Hendiadys

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Hendiadys (/hɛnˈd.ədɨs/; a Latinized form of the Greek phrase ἓν διὰ δυοῖν, hèn dià duoîn, "one through two") is a figure of speech used for emphasis — "The substitution of a conjunction for a subordination". The basic idea is to use two words linked by the conjunction "and" instead of the one modifying the other.

English names for hendiadys include two for one and figure of twinnes.

Use and effect[edit]

The typical result of a hendiadys is to transform a noun-plus-adjective into two nouns joined by a conjunction. For example, "sound and fury" (from act V, scene 5 of Macbeth) seems to offer a more striking image than "furious sound". In this example, as typically, the subordinate idea originally present in the adjective is transformed into a noun in and of itself. Another example is Dieu et mon droit, present in the coat of arms of the United Kingdom. In fact, hendiadys is most effective in English when the adjective and noun form of the word are identical. Thus "the cold wind went down the hall" becomes "the cold and the wind went down the hall". Fowler says that try and...for try to...is a "true example" of hendiadys.[1] The conjunction may be elided: This coffee is nice and hot can become "This is nice hot coffee"; in both cases one is saying that the coffee is hot to a nice degree, not that the coffee itself is nice.

When hendiadys fails in its effects, it can sound merely redundant. For example, cum amicitia atque pace, "with friendship and peace" is often translated instead as "with peaceful friendship".

"He came despite the rain and weather" instead of "He came despite the rainy weather".

In classical and biblical literature[edit]

Hendiadys is often used in Latin poetry. There are many examples in Virgil's Aeneid, e.g., Book 1, line 54: vinclis et carcere, literally translated as "with chains and prison" but the phrase means "with prison chains".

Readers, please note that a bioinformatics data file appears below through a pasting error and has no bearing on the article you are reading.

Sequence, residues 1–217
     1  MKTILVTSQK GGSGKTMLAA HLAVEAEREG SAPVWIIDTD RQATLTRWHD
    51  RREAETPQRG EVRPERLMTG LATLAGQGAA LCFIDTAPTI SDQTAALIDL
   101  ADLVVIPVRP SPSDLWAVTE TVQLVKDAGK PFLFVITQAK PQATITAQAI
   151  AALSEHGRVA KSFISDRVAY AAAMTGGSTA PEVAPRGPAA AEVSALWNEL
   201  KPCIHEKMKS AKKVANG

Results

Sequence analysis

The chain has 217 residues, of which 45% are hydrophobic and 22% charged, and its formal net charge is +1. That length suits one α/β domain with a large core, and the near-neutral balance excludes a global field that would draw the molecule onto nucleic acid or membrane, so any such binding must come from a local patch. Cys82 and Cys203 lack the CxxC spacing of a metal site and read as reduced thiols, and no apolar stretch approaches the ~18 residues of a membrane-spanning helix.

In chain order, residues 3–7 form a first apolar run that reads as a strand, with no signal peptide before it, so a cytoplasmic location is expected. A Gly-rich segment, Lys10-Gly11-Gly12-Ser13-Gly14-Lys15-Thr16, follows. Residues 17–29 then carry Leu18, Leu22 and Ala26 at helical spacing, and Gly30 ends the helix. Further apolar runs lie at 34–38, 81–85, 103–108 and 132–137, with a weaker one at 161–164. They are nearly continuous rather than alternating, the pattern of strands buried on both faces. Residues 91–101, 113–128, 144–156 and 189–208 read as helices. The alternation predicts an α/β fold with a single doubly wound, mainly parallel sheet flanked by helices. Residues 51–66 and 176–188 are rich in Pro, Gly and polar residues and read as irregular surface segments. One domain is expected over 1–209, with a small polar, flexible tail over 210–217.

One of the most famous lines of Juvenal's Satires is panem et circenses, commonly translated as "bread and circuses", which describes the only joy of the Roman people, and has now developed into a common idiom to denote mindless amusement. Similarly this is parodied by Nietzsche in Twilight of the Idols: "There is an artist after my own heart modest in his needs: he really wants only two things, his bread and his art - panem et circen".

In Leviticus 25:47, the Hebrew says ger v'toshav, literally translated as "the alien and the resident", but the phrase means a "resident alien".

In Lamentations 2:9, the Hebrew says ibbad v'shibar, literally translated as "ruined and broken", but the phrase means "totally destroyed".

Mark 2:25 has "in need and hungry" which Richard Young considers hendiadys for "very hungry" but Wayne Leman suggests is instead an example of "semantic intensification due to Hebraic synonymous parallelism".[2] "The kingdom, the power and the glory" (from the Lord's Prayer) extends the principle, transforming the idea of a "glorious, powerful kingdom" into a sequence of three nouns joined by a conjunction.

In The Merchant of Venice by Shakespeare, it occurs at 4.1.36, when Shylock says, "to have the due and forfeit of my bond".

See also[edit]

  • Hendiatris, one through three
  • Litotes, a form of understatement for emphasis
  • Contrast with merism, a figure of speech in which a whole is indicated by a brief enumeration of parts

References[edit]

  1. ^ page 245 entry hendiadys in Burchfield, Robert William (1996). The New Fowler's Modern English Usage (3rd ed.). Oxford University Press. ISBN 0-198-69126-2. OCLC 36063311. 
  2. ^ "Hendiadys"

Further reading[edit]

  • Smyth, Herbert Weir (1920). Greek Grammar. Cambridge MA: Harvard University Press. p. 678. ISBN 0-674-36250-0. 
  • Wright, George T. (1981). "Hendiadys and Hamlet". Publications of the Modern Language Association of America 96 (2): 168–93. 
  • Wallace, Daniel B. (1996). Greek Grammar Beyond the Basics. Grand Rapids MI: Zondervan. pp. 276–7. ISBN 0-310-21895-0.